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Drones will be a security issue during 2016 presidential campaign - DHS head

Drones will be a security issue during 2016 presidential campaign - DHS head
Federal, state and local law enforcement will have to be on the lookout for drone use at outdoor events during the 2016 presidential race, said US Secretary of Homeland Security Jeh Johnson.

Johnson said drones, or unmanned aerial vehicles (UAVs), pose a security problem, especially in the nation's capital, where there have been multiple incidents of unauthorized drones flying near the White House.

"It's definitely an issue," Johnson said during a segment of MSNBC's "Morning Joe."

He went on to recall a recent speech he gave at a graduation ceremony that was interrupted by a small UAV.

“I was giving a commencement address a couple weekends ago and in the middle I look up and I see a little drone flying over my head,” Johnson said.

“Fortunately the Secret Service was on this guy in a second, but it was a little distracting in the middle of what I thought was an inspirational speech and all of a sudden I see this thing buzzing over my head,” he added.

On Thursday, a man was arrested outside the White House after attempting to launch a small drone from nearby Lafayette Park. The Secret Service put the area on lockdown and questioned the unidentified man about his intentions.

It was the second drone incident to have occurred near the White House this year. In January, a small quad-copter crashed on the grounds of the executive mansion. An employee with the National Geospatial-Intelligence Agency, part of the Department of Defense, later confessed to flying the DHI Phantom quad-copter and losing control of it somewhere over the White House.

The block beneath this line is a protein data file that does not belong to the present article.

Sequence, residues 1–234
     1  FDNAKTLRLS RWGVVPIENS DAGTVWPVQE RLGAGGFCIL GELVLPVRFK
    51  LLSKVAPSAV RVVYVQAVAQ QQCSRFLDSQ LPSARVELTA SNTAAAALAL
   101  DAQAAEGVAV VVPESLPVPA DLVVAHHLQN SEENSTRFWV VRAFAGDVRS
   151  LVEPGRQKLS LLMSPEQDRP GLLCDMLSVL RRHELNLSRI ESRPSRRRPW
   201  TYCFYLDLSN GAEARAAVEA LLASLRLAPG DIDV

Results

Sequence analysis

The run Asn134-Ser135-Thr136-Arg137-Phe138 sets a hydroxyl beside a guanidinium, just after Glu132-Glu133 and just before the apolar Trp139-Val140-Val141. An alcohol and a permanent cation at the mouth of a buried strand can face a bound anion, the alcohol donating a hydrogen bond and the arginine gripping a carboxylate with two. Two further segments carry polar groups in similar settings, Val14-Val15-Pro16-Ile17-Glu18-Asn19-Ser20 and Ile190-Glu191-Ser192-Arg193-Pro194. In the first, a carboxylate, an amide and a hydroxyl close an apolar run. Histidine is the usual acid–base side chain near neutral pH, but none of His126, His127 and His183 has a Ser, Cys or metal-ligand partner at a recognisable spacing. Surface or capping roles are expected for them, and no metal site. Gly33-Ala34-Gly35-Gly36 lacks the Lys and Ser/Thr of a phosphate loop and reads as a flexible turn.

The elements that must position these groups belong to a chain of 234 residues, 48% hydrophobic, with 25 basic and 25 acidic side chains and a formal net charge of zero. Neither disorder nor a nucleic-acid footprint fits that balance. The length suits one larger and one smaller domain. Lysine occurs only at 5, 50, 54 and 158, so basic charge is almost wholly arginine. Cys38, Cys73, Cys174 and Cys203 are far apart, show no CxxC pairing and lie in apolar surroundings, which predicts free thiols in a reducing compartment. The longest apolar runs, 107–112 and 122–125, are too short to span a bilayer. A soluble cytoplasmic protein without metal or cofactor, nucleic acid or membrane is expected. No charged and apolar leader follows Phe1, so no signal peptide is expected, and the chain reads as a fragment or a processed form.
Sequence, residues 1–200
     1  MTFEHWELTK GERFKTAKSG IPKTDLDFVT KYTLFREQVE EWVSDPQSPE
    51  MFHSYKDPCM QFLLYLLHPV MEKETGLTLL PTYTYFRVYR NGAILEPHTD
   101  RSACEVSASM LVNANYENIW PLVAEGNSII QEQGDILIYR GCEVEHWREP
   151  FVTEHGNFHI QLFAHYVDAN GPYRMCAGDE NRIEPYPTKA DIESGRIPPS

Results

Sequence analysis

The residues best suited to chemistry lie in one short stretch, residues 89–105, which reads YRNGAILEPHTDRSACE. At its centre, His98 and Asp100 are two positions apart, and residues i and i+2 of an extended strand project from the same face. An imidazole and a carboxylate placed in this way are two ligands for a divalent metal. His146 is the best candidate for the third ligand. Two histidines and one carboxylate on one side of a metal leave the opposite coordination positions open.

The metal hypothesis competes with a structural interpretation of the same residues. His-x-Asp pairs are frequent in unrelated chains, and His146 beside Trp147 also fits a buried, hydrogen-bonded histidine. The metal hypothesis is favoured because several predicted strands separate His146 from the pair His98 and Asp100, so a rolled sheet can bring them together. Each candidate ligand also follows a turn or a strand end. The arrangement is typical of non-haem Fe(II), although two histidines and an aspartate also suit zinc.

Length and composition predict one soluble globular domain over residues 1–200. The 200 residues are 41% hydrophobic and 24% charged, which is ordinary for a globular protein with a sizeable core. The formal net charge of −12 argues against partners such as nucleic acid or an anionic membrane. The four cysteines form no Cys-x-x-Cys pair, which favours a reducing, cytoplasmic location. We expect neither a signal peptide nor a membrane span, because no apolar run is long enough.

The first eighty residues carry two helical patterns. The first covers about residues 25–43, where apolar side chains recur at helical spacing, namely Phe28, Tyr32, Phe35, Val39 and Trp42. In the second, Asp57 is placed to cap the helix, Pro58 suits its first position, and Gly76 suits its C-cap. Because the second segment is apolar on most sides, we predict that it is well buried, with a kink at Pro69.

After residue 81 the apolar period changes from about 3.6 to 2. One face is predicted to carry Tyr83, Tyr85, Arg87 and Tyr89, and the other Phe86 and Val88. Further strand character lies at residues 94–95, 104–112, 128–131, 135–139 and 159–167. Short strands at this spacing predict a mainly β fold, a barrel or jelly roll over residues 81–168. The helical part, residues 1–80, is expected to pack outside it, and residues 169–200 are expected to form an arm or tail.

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Johnson said several federal and local law enforcement agencies are working to establish security standards in the nation's capital.

“This is something that US NORTHCOM, me, Secret Service, Capitol Police, Metro police here in the Washington, DC, area ... we need to refine our protocols for airborne stuff in the national capital region to deal with what we’re referring to as the low and slow stuff,” he said.

This week, the Federal Aviation Administration (FAA) launched a campaign to remind tourists and residents that Washington, DC is a “No Drone Zone.” The 15-mile restricted airspace around Ronald Reagan Washington National Airport was established after the 2001 terrorist attacks involving hijacked commercial aircraft. US federal agencies – especially the FAA – are currently compiling rules and protocol to safely integrate unmanned aircraft into American skies, with the goal of proposing a structure this year.

Pursuant to the 2012 Federal Aviation Administration Modernization and Reform Act, the FAA is obliged to finally incorporate drones – with supposed privacy protections – into US air traffic by September 30, 2015, though it is highly unlikely the deadline will be met. Even once proposed, the definitive version of commercial drone regulation will likely take years.

READ MORE: Unmanned, not untested: FAA unveils 2 drone programs to gauge UAV use

The FAA has said about 7,500 commercial drones will be buzzing around US skies within five years once regulations go into effect.

Existing FAA regulations allow Americans to fly small drones for recreational use at least 8 kilometers (5 miles) away from any airport and at an altitude no more than 120 meters (400 feet).

Drone use is prohibited at night, and a drone operator must always keep the UAV in sight.

The FAA might soon propose a “risk-based” blanket exemption from regulations for small drones weighing less than 2.25kg (5 lbs). Neighboring Canada has already approved such an exemption for small UAVs.

Unauthorized use of private UAVs near airports and at high altitudes among manned aircraft currently remains the principal headache for civil aviation. From June to November 2014, there were at least 25 episodes when drones came close or nearly collided with manned aircraft, the Washington Post reported in late November.